Sunday, May 31, 2015

Emotional Intelligence and Body Language

I recently had the opportunity to hear Laura Arellano, Senior Leadership Trainer for CHG Healthcare, give a keynote presentation on emotional intelligence in leadership.  As part of her presentation, she confirmed that emotional intelligence is a skill that can be learned and applied to leadership, particular to leading volunteers.  My takeaway from her presentation, however, had nothing to do with leadership and everything to do with body language.

I’ve always had trouble controlling my physical reaction to being startled.  The best example is when I am riding in the passenger seat and something that is happening on the highway startles me.  I literally jump.  This in turn startles the driver (usually my husband) who has been known to react to my reaction by chastising me for reacting. 

But that’s not my only body language faux pas.  That same week I was accused twice of being nervous when I felt no nervousness at all – at least, not consciously.  From my vantage point, I was merely standing and patiently waiting.  Apparently when I stand and patiently wait, I appear very anxious.

Fortunately, I’m doing OK at controlling the verbal outbursts that often flood my mind after being chastised for my body language.  Why are you yelling at me for something I can’t control?  Be calm??? You might as well tell me to be six feet tall. Here’s where Laura’s message comes in.  She gave what she called a Profound Statement:  The job of the Subconscious Mind is to do what the Conscious Mind tells it to.  She then went on to say the brain follows the body.  The two statements almost sound counter-intuitive, but when you think about it, they can be complementary.  Calm the mind – calm the body AND calm the body – calm the mind.

It’s not that I can’t control my body language.  It’s that I haven’t tried.  Those of you who know me personally know that the word calm and my name are never used in the same sentence.  It’s time to try to fix that.  And the fix will need to come from both calming the mind and calming the body. 

So I’ve been practicing.  I’m trying to move a little more slowly.  I sit in the car with my feet on the ground and my hands folded in my lap, and I’ve noticed that just that posture has helped me control overreacting to what’s happening around me.  I’ve tried to sit quietly and take deep breaths to calm myself.  Is it working?  Time will tell.  Hopefully I will not only take Laura’s lessons to heart, but to mind and body as well.  

Tuesday, May 12, 2015

Red Rock Relay Moab

Last Saturday, May 9, team Girls Day Out ran their third Red Rock Relay together – this time in the Red Rock country surrounding Moab, Utah.  The decision to run Moab was pretty much made for us when Red Rock Relay canceled the Dixie run for 2015.  We were a little bit nervous about the course, but the thought of a girls’ weekend away and running together again far overshadowed the anxiety of a more difficult course.

Our team has become known in Red Rock Relay circles as a team of “experienced” runners, referring more to life experience than to running experience.  Our oldest team member was 70 years, 11 months and 10 days on race day.  And while she may not be the fastest runner on the team, she is by far the most inspirational.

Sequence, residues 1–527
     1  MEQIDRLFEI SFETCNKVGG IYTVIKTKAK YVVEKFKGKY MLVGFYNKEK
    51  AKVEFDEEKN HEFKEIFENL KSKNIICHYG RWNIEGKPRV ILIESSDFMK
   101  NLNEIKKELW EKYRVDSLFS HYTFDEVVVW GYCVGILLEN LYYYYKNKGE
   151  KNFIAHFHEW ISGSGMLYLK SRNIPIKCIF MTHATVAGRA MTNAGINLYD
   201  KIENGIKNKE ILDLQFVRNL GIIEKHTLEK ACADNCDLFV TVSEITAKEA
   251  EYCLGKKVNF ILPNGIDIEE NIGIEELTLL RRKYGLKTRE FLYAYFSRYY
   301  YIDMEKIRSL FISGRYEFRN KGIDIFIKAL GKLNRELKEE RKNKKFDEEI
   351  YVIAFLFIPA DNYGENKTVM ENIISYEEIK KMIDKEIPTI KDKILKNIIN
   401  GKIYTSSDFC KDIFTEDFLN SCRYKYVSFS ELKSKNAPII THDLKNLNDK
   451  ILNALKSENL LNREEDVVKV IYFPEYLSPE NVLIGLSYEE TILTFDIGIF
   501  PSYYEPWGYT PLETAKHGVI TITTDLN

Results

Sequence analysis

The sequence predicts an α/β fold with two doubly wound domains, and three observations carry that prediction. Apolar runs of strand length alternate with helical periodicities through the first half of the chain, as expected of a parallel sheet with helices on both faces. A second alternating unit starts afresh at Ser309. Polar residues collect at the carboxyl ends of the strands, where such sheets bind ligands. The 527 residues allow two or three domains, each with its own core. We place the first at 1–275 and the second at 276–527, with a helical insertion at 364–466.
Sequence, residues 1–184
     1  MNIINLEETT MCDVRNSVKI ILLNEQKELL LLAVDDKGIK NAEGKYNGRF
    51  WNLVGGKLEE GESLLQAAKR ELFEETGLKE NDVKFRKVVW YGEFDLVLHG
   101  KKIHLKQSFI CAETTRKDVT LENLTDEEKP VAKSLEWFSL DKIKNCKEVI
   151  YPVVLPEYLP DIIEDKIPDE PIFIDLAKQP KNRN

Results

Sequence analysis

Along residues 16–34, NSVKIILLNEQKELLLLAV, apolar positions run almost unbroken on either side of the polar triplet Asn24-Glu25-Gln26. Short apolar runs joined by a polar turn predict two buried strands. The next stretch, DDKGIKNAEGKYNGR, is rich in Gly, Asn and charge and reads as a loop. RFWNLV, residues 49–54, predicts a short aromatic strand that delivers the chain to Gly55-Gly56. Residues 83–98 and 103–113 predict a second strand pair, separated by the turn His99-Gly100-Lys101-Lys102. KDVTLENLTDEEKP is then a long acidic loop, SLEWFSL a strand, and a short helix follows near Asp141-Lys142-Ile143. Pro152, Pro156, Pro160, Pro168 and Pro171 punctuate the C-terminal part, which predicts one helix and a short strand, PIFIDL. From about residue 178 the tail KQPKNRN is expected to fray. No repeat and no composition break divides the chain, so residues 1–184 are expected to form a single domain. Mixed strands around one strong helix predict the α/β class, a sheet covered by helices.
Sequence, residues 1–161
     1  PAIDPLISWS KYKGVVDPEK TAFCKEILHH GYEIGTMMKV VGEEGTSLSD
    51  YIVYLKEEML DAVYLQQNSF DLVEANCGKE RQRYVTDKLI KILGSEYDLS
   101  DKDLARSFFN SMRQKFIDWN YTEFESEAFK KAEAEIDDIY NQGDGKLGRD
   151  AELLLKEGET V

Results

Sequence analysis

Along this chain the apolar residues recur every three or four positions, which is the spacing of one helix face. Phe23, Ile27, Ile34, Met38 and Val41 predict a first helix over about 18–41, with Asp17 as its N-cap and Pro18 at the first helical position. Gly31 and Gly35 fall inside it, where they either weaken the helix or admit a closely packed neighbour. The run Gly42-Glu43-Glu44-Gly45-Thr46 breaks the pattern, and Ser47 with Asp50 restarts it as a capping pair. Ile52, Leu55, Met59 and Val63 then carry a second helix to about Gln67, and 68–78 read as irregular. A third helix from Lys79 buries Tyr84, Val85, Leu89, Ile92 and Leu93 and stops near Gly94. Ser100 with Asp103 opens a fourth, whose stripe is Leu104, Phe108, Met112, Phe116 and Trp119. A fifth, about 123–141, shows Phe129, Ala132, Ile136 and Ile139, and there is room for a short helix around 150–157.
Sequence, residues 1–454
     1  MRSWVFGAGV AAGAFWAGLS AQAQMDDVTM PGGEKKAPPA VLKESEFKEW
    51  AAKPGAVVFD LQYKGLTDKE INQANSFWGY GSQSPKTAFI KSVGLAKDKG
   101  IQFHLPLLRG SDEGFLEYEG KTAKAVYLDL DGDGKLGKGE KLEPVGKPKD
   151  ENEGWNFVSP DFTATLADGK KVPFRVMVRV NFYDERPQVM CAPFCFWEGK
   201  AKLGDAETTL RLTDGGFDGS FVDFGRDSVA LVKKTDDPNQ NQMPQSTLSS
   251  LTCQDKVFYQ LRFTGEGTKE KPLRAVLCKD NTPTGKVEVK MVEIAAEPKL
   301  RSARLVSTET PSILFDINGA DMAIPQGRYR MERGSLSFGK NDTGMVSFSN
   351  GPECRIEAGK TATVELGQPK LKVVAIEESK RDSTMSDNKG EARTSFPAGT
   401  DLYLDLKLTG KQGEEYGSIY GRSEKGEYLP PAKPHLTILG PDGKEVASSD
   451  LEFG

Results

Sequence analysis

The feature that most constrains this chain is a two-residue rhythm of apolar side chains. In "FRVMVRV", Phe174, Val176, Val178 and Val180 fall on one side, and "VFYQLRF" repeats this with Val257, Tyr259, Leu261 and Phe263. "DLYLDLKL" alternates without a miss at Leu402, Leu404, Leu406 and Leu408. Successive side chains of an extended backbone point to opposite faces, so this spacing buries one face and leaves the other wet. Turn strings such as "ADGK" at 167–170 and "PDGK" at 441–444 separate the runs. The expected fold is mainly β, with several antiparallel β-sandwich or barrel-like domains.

And not only to us!  When we approached the exchange for Helen’s second leg, a much younger runner saw her coming and said out loud.  “This lady coming in is my hero.  Whose team is she on?”  Of course we claimed her in a nanosecond and told everyone her name.  So when she came in, the entire group of runners who were either waiting for their teammate or for the bathroom cheered and shouted her name.  Way to go, Helen!

The course, combined with the weather, did present its challenges.  Our first runner had to hop two fences to get back on course after a large group of early runners were misdirected.  And nobody told her about the steep switchbacks on her second leg.  The difficulty rating of leg 7 was seriously underestimated. 

The runners on the high elevation legs 7, 8, and 9 got the treat of running in snow.  It was light and not sticking to the ground, but it was SNOW!  So as I waited for my final leg, 11, I put on a long sleeved shirt and a jacket.  Too soon!  When it was my turn to run the sun was shining and the temperature was in the low 50s.  Off with the shirt and jacket.  Toward the end of my 8 mile run I was really wishing for a little of that snow.

Warning – this is the place where I seriously brag about our team.  We finished the 61 mile course in 10 hours 21 minutes for an average pace of 10:09, which was well under the 11 minute mile pace that we had predicted.  A few of us, me included, set personal records for speed over distance.  We all felt good after the race.  We finished early enough for some great photo ops before we had our traditional Mexican food dinner (with margaritas, of course,) and champagne at the hot tub. 

In the end the course was far more difficult on paper than it was in real life.  And while before the race we were thinking about what new relay to run next year, after the race we are seriously considering running Moab again.  Go Girls Day Out!